“They made a huge difference in those communities, and it spread around the world from there,” Cheryl explained. “It’s an excellent way of involving students with short attention spans who don’t read music very well. It lets them make music before learning to read and write it. They get to experience and enjoy it aurally before they have to become mindful of what they’re doing. So, especially with students who are frequently behind in learning reading and writing skills, it takes away a lot of the fear of making music. I taught at a high school for a while, but even so, a majority of middle school students were coming in who couldn’t read music the way you’d expect. A lot of Orff music consists of layering ostinatos on top of each other. When you do that with bands, it sounds complex but is actually quite simple. It gives them something to feel proud of and successful in right off the bat – the rhythm comes quite naturally to them in a lot of ways.”

Throughout her career, God led Cheryl to meet incredibly wonderful teachers who molded her throughout her life. “I often think that urban teachers are looked down on for what they do,” Cheryl related, “but I think they’re some of the best teachers anywhere. You have to be. If you’re not a good teacher, you’re gonna get eaten alive! I saw a lot of people burn out and leave, but I also saw people’s strength come through in a way you never would have dreamed. The people that came through were ones who learned to let the children know that they cared about them and respected them without looking down on them. You can’t lie to children. They know whether you’re sincere or not.”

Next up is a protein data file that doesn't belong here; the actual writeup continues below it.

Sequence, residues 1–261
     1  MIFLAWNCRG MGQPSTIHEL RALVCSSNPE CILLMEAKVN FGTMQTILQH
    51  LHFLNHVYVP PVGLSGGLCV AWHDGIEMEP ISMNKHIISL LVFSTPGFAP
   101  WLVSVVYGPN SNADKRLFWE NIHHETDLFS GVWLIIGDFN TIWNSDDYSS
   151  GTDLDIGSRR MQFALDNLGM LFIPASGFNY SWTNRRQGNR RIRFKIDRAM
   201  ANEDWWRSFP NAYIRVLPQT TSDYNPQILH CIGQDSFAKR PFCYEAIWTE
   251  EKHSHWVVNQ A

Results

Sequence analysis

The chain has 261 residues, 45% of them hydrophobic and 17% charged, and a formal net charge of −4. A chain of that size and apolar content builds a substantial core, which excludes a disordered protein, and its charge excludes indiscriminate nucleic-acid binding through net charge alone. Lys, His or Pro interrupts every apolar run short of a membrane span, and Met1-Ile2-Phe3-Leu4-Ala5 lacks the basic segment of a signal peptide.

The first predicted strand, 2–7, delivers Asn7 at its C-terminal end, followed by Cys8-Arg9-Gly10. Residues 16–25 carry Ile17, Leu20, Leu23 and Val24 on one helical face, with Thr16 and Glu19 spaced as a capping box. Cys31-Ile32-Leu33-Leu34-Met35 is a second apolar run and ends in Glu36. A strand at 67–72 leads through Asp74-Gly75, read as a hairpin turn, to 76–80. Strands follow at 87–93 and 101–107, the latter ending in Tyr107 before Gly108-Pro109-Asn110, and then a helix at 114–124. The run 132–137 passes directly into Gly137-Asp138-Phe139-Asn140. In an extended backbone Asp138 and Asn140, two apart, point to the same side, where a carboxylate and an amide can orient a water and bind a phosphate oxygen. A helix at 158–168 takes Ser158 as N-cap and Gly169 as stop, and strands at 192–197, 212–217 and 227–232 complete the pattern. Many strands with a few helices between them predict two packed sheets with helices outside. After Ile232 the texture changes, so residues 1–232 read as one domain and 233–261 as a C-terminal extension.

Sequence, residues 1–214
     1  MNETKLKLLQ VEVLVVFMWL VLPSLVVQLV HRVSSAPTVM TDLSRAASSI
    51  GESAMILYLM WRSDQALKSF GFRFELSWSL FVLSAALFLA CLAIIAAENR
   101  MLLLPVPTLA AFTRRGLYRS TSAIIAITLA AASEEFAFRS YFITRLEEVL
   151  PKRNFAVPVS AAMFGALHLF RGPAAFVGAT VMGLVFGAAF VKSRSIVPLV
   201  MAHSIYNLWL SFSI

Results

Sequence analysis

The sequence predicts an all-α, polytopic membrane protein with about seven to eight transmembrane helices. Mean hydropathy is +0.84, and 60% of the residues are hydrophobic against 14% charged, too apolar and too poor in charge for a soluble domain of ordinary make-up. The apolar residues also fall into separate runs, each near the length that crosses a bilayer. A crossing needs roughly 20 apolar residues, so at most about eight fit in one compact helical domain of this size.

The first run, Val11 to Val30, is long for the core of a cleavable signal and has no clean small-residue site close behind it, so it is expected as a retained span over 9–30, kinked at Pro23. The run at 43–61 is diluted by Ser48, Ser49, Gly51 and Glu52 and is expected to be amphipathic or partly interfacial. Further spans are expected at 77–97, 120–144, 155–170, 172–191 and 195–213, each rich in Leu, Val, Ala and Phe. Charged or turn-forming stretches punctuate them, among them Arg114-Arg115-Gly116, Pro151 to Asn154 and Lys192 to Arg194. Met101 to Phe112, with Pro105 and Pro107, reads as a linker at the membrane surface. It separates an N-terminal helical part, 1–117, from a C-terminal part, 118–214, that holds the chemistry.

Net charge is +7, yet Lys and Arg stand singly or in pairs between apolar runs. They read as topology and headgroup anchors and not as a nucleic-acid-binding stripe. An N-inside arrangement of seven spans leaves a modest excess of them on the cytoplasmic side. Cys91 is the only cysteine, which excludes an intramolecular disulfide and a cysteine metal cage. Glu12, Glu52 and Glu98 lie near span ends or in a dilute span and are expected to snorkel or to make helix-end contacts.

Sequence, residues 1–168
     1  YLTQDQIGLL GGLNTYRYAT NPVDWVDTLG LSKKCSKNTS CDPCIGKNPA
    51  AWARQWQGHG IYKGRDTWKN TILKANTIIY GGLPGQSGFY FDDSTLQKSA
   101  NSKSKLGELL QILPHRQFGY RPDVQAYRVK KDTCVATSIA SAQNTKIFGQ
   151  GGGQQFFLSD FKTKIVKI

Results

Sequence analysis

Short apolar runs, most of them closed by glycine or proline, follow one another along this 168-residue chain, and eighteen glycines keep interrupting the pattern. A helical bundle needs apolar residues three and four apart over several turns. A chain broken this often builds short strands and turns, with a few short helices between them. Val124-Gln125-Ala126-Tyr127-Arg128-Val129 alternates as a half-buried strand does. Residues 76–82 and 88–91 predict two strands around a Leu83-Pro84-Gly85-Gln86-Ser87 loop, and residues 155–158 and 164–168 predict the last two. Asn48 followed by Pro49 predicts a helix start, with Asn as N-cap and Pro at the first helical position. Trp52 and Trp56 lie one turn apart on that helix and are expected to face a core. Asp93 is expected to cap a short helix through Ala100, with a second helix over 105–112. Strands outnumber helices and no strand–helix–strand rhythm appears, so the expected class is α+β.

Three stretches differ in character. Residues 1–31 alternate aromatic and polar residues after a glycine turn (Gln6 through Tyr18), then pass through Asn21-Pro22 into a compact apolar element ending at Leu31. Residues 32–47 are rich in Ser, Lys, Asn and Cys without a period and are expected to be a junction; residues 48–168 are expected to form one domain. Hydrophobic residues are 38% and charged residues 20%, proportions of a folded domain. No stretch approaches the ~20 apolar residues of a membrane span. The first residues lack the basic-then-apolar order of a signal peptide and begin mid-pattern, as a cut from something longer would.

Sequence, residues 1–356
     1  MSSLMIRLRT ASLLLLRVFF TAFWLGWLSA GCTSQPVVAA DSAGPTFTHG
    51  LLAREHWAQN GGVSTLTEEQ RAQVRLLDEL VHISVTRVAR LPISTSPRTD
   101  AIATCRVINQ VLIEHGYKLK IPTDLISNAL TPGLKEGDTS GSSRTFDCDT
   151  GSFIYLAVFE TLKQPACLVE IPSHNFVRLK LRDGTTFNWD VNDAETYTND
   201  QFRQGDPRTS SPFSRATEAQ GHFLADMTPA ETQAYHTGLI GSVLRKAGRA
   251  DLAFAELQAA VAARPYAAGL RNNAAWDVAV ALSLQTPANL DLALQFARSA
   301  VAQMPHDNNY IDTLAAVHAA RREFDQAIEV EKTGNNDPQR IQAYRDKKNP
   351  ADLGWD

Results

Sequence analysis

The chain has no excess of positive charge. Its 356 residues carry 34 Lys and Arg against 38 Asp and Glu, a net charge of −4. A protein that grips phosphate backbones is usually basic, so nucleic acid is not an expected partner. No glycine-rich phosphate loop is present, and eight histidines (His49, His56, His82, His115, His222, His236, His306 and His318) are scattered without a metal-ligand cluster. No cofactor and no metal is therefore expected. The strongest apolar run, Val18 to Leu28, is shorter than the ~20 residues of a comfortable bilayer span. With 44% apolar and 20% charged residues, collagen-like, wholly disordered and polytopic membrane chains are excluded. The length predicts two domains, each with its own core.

So, what kept Cheryl from burning out? After a few moments, she thoughtfully replied, “It would waver back and forth. I was frequently moved between schools, and being without a classroom or support systems were my hardest situations. One school I worked at part-time became home for me. I gave up other long-term full-time assignments to stay in that building full-time. Finding a home is important, especially if people think like you, want to teach like you, and care for the kids like you do. It may take a few different buildings or ways of getting there,” she encouraged. “It may not happen immediately, but don’t give up on that.”

When asked what was hardest to leave as she retired, she immediately answered, “The kids! I still have students calling me all summer that I’ve set up for scholarships. On my way to my parents’ last weekend, a thirteen-year-old called me to tell me it was his birthday.” Through misty eyes, she explained, “He wanted me to tell him ‘Happy Birthday’ because he didn’t have enough people to support him at home.”

“Another student just graduated high school and got a scholarship at Eastman. I taught him flute in 4th grade, and now he’s traveling to New York City and playing jazz. He’s going to be playing professional in an orchestra someday,” she added fondly. “It’s really fun when kids you don’t even recognize come up to you, reintroduce themselves to you, and let you know that they’re doing well. The success stories outweigh the murders and the kids that you see die.”

Cheryl hopes to see her Orff instruments used to change children’s lives, just as she used them over the last 30 years. “Maybe if the students can see them being used in classes, they’ll see how accessible they are and want to learn more about them,” she explained. There are still numerous opportunities for Orff training throughout the greater Rochester area. The Greater Rochester American Orff-Schulwerk Association (GRAOSA) hosts three annual workshops at Crane Elementary School. From there, students and teachers can apply for scholarships for additional training in the Orff levels at Eastman. Cheryl exclaimed, “There is so much training available right here in our neighborhood,” with optimism that the next generation of music teachers would be inspired to take advantage of it.


Written by Emily Hutchinson, 10.1.19